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Medical Device Makers: Health Care Law Will Cost Jobs

A 2.3 percent excise tax will cost medical device manufacturers an estimated $20 billion in new taxes over the next decade, which could force them to lay off workers.

BOSTON (AP) -- Medical device manufacturers are bristling over a key provision in the nation's new health care law which they say forces them to shoulder an unfair cost of expanded insurance coverage.

A 2.3 percent excise tax on companies that supply medical devices like heart defibrillators and surgical tools to hospitals, health centers and ambulance services will cost medical device manufacturers an estimated $20 billion in new taxes over the next decade. And they say that will force them to lay off workers and curb the research and development of new medical tools.

"Many small to midsize medical device companies will owe more to the federal government in taxes than they make in profits," said Mark Leahy of the Medical Device Manufacturers Association. "We're talking about a 2.3 percent tax on total sales irrespective of whether a company is making a profit."

It could have been worse: the initial proposed tax was $40 billion.

Brett Loper, a senior vice president for Advamed, the world's largest medical device trade group, said the organization was looking for ways to bring the levy down even more before it takes effect. He also dismissed arguments that the higher tax would be offset by increased demand as tens of millions of more Americans are insured as a result of the health care overhaul.

"It's hard to argue that there is going to be an enormous swell of those products," he said. "Is there going to be a huge new demand for those products? I'm not sure."

Sen. John Kerry, D-Mass., who helped arrange meetings between medical device companies and Democrats leaders in Congress to convince them to cut in half the original proposed tax hike, maintained there would be a benefit for the companies.

"We've just expanded their marketplace by 32 million people who will now buy products from them," he said. "This is going to work out just fine."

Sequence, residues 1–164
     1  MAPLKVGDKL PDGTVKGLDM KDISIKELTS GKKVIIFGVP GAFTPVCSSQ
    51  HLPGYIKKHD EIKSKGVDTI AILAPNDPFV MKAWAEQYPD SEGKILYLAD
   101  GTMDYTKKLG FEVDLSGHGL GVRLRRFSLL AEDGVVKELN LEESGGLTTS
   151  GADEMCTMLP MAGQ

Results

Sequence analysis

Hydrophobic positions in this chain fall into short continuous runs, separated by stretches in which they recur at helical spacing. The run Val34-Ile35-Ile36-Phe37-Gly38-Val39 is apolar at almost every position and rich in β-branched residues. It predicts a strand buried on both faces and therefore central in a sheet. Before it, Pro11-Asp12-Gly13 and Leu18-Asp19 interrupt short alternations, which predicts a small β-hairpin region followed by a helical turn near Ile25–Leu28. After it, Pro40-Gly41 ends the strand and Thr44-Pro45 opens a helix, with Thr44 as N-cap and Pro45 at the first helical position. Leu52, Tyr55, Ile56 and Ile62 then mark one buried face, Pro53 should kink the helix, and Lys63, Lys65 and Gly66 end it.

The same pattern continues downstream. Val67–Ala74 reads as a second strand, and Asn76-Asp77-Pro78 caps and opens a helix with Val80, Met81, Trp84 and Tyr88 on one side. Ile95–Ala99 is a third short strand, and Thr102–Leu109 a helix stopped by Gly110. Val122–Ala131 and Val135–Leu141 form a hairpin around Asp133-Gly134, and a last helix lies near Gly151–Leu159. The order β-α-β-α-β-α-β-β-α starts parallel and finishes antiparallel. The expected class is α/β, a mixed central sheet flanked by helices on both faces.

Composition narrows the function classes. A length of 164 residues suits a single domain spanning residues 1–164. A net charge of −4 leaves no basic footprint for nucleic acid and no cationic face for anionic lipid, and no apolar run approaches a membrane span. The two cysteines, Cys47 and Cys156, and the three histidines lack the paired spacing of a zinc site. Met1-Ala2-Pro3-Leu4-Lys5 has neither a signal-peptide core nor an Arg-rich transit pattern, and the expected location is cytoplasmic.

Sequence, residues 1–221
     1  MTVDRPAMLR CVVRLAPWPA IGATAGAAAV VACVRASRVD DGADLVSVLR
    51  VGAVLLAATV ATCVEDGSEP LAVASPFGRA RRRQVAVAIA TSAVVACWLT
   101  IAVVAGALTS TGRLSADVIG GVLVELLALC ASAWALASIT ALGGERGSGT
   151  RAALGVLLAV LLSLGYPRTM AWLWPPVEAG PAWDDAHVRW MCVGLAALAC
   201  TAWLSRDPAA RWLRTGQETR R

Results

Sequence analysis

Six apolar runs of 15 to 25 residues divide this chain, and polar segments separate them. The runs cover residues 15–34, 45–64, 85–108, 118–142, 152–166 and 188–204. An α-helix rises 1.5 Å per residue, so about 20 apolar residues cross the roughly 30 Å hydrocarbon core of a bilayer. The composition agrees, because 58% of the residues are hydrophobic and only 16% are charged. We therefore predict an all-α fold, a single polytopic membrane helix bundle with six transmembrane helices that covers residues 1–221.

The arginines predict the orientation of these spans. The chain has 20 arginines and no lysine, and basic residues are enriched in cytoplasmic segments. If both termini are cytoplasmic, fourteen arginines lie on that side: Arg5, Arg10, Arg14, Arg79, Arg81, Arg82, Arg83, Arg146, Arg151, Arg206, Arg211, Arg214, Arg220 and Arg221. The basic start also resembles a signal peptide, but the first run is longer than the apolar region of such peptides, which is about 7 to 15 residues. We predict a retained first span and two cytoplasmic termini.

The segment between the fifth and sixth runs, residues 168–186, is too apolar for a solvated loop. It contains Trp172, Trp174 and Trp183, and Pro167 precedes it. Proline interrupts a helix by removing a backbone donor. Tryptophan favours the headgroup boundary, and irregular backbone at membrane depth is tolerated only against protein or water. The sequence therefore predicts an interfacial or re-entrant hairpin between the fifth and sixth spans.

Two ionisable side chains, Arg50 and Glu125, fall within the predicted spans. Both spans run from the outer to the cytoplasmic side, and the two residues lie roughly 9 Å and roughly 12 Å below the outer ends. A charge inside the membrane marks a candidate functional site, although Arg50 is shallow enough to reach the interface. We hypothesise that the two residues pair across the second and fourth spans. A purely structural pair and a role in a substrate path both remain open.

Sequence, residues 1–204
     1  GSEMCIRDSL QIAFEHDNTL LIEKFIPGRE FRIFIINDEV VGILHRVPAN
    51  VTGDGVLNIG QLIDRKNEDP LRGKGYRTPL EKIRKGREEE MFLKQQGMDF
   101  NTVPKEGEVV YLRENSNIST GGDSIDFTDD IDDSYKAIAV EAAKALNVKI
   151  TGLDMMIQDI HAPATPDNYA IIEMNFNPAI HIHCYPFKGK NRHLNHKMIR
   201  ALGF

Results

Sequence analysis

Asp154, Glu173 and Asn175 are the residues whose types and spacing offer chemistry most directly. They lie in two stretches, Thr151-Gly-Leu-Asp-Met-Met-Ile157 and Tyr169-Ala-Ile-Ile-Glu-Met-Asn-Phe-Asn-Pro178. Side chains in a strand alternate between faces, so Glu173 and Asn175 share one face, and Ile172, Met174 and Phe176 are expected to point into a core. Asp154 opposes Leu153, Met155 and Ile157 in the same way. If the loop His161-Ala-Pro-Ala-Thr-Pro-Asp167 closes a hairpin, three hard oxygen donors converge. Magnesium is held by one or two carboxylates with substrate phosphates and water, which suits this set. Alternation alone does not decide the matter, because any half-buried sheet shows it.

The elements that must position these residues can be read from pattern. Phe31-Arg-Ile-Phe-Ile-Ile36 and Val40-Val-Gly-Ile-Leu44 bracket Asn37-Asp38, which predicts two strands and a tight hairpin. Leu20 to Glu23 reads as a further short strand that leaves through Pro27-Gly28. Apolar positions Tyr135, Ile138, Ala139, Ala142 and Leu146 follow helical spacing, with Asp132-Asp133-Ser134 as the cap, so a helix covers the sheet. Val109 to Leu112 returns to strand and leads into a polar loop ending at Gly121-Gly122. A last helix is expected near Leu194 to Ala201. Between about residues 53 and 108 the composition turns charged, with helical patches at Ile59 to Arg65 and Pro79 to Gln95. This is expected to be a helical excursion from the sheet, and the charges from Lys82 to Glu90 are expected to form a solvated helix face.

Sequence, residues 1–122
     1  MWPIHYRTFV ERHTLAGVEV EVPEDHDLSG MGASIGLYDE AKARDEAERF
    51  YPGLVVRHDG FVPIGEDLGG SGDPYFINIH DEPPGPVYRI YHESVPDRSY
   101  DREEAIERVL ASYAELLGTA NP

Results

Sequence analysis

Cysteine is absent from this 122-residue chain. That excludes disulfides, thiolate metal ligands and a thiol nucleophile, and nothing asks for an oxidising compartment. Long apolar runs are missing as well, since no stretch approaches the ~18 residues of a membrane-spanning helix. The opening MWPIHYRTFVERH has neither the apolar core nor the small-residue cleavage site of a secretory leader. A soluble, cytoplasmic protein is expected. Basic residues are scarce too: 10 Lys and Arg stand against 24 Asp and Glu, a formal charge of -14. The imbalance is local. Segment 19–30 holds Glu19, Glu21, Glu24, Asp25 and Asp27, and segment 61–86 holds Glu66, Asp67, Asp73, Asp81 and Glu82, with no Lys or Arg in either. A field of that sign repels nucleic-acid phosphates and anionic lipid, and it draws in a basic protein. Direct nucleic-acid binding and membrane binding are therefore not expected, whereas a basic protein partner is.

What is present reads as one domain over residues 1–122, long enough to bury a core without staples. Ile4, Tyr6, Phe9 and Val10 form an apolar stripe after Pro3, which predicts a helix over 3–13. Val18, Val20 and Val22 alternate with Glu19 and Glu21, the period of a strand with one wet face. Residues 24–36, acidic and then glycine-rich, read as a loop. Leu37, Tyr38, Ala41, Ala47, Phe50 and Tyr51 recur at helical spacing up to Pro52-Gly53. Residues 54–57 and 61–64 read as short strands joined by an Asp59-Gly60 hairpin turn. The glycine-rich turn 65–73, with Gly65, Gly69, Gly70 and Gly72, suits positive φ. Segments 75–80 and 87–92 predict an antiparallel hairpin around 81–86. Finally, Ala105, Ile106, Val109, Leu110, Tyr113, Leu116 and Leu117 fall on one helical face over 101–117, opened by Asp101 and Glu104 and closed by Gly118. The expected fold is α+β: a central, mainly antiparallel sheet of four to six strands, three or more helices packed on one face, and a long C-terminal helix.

The tax, which doesn't kick in until 2013, has touched a nerve in Massachusetts, the state that provided the blueprint for the health care law. Massachusetts is also a hub for medical device companies, with more than 200 firms calling the state home. It has also pitted its senators against one another.

Kerry, a Democrat, said the 2.3 percent in no way strips the profits or the ability of any company to be able to do business.

"The medical device people were at the table. They agreed to this. They helped to write it and we need to just move forward," he said.

He pointed out the tax doesn't apply to eyeglasses, contact lenses, hearing aids, or other retail medical devices purchased by the public.

Republican Sen. Scott Brown, who won a special Senate election in part by vowing to block the national health care bill, made the medical device tax one of his first issues after taking office. Brown condemned the tax, calling it threat to a local industry.

"For a lot of them, that's their profit that's going to be eaten up by this tax," Brown said, faulting President Barack Obama for failing to acknowledge problems in the health care bill. "The problems are the medical device companies are going to be whacked."

Senate Majority Leader Harry Reid, D-Nev., agreed to slash the tax from $40 billion to $20 billion in part to win backing for the health care bill from Democratic Sen. Evan Bayh of Indiana, a state with a significant medical device industry.

California has the highest number of medical device workers with more than 72,400 followed by Massachusetts with nearly 22,000, Florida with nearly 20,000 and Minnesota with more than 18,000, according to industry estimates. Other states with significant medical device hubs include: New Jersey, Pennsylvania, New York, Texas and Ohio.

Richard Packer, CEO of Chelmsford, Mass.-based Zoll Medical Corp., which employs 650 workers in Massachusetts, said the tax will put his company, which produces defibrillators, "at a break-even position" and dismissed the idea that companies should be grateful the tax wasn't higher.

"When the negotiations started it was going to be $40 billion and our industry negotiated it down to $20 billion," he said. "We would be losing money instead of just breaking even, that's not my definition of a fair negotiation."